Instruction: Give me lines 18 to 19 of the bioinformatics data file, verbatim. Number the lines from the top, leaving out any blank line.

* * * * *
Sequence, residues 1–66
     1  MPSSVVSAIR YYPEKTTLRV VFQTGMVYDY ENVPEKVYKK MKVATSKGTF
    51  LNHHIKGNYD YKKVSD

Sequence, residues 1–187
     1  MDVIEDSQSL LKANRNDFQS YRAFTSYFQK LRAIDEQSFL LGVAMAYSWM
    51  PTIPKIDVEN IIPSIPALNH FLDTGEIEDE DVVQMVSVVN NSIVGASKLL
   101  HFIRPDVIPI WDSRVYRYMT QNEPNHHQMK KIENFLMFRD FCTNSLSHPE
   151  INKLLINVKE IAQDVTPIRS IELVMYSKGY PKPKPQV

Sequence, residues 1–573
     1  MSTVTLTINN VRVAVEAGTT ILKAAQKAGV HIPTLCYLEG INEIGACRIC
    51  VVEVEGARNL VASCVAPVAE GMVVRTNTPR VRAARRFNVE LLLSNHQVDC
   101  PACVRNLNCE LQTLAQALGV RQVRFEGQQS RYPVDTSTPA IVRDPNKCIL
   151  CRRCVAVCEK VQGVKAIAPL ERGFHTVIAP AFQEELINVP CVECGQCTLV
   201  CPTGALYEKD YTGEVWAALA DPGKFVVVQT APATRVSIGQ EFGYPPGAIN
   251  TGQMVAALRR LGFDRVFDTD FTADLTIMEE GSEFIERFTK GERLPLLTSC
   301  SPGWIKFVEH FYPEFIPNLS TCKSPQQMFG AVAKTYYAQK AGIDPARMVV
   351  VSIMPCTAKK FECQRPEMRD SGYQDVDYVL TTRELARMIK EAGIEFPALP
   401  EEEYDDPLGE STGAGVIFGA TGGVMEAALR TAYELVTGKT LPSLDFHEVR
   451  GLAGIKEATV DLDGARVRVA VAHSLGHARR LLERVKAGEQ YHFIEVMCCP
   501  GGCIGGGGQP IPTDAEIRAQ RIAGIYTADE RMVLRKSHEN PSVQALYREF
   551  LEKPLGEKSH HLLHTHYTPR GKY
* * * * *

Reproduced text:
   401  EEEYDDPLGE STGAGVIFGA TGGVMEAALR TAYELVTGKT LPSLDFHEVR
   451  GLAGIKEATV DLDGARVRVA VAHSLGHARR LLERVKAGEQ YHFIEVMCCP